Plus, readers are never exposed to any of the downsides of faerie. There is no scene where Effie is lost in the woods and attacked by an evil faerie, or repeatedly shown her worst nightmares or something, with Lord Blackthorn to come to the rescue. All of the true horrors of the Effie’s universe take place in the human world, rendering her choice to be with Lord Blackthorn less of an actual romantic choice, as shown by her rather bland confession quoted above, and more as the best option for Effie’s survival. A part of me couldn’t help but wish that there was some other happy ending, like Effie becoming some sort of faerie godmother herself, using her magical powers to help other servant girls find their happiness under the tutelage of the ever-eager Lord Blackthorn, who simply loves learning more about humans. This is somewhat alluded to in the ending of the novel, but not specifically spelled out.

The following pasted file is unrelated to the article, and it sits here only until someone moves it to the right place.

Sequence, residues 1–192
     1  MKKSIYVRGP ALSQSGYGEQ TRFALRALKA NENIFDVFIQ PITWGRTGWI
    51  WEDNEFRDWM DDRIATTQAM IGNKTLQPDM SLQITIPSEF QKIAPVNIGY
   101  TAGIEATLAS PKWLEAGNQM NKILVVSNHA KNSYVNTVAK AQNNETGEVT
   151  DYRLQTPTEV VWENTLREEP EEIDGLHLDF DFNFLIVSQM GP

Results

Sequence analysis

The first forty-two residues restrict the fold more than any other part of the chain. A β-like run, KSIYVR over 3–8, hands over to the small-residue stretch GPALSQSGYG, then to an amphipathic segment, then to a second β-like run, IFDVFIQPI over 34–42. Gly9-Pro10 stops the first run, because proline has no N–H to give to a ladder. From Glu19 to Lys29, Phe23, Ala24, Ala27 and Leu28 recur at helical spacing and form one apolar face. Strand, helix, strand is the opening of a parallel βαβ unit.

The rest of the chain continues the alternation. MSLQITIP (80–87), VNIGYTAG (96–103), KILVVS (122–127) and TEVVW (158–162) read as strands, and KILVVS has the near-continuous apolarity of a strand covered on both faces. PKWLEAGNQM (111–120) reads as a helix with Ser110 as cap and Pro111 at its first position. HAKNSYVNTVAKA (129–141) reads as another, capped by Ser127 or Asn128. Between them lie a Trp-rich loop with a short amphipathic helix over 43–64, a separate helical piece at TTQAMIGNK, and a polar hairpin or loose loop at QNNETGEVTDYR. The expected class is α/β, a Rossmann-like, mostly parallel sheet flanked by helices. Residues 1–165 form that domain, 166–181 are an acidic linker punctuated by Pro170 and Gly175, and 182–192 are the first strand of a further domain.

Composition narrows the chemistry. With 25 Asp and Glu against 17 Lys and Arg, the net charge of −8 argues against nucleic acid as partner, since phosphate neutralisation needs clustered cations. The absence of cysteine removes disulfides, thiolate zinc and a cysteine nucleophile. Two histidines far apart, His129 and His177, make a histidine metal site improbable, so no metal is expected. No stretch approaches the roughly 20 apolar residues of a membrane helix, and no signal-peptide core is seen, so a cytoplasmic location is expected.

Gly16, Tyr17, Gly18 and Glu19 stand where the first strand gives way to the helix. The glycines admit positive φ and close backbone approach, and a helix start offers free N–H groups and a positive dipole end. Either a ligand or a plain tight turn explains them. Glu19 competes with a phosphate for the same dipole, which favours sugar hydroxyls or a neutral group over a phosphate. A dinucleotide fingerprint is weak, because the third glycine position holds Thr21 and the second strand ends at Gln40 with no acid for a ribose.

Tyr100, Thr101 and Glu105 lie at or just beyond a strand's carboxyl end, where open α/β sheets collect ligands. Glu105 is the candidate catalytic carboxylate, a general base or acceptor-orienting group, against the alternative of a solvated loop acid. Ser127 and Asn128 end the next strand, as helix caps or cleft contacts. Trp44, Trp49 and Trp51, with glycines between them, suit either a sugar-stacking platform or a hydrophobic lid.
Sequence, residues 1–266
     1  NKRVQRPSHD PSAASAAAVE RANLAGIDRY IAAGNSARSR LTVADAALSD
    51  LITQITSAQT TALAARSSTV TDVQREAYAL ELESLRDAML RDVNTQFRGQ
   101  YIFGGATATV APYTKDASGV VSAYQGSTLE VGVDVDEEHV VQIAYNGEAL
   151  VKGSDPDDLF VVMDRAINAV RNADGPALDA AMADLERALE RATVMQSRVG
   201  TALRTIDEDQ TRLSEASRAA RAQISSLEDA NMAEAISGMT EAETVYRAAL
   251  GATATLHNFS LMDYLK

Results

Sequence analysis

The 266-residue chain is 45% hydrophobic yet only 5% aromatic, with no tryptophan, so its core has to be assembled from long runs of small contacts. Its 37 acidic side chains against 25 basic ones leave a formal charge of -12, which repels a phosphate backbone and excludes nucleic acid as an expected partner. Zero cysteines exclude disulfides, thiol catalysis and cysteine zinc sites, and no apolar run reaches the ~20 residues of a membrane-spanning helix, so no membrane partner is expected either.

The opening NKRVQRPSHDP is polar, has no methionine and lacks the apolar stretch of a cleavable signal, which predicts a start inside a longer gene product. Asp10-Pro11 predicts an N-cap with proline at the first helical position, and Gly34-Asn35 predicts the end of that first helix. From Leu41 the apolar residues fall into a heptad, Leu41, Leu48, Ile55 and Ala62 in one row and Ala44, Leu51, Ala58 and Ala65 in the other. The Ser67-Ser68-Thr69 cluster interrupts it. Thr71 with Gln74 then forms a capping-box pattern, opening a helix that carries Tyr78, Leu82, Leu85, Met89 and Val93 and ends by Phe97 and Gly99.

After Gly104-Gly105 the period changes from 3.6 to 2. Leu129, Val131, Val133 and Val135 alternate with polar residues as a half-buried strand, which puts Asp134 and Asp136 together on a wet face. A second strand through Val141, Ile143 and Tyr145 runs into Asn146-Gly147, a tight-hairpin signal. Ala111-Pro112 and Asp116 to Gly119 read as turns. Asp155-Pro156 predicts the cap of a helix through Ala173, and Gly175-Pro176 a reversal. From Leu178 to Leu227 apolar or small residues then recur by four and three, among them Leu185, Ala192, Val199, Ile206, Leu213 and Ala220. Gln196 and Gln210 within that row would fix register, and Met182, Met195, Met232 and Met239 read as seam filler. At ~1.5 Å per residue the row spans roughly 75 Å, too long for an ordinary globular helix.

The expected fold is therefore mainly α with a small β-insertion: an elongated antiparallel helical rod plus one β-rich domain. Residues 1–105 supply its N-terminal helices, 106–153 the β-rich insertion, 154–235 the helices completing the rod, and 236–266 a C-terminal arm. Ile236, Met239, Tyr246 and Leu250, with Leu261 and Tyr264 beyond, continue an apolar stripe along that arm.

Though it’s admittedly unrealistic and requires a fair amount of suspension of disbelief, how much realism does one truly want in a romance story between a maid and her faerie godfather? I think this this is the perfect novel for those that love fairy tale retellings, romance, or the regency era. Personally, I found Ten Thousand Stitches to be a delightful and fluffy read, especially when I didn’t look too closely at the lack of world-building, realism, and descriptions of love. In fact, even purchased the previous work in the series, Half a Soul, which I look forward to reading and reviewing. 

 

three-stars
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Book Review : Ten Thousand Stitches - Blogging with Dragons

Posted July 5, 2022 in Book Reviews, Fantasy, Romance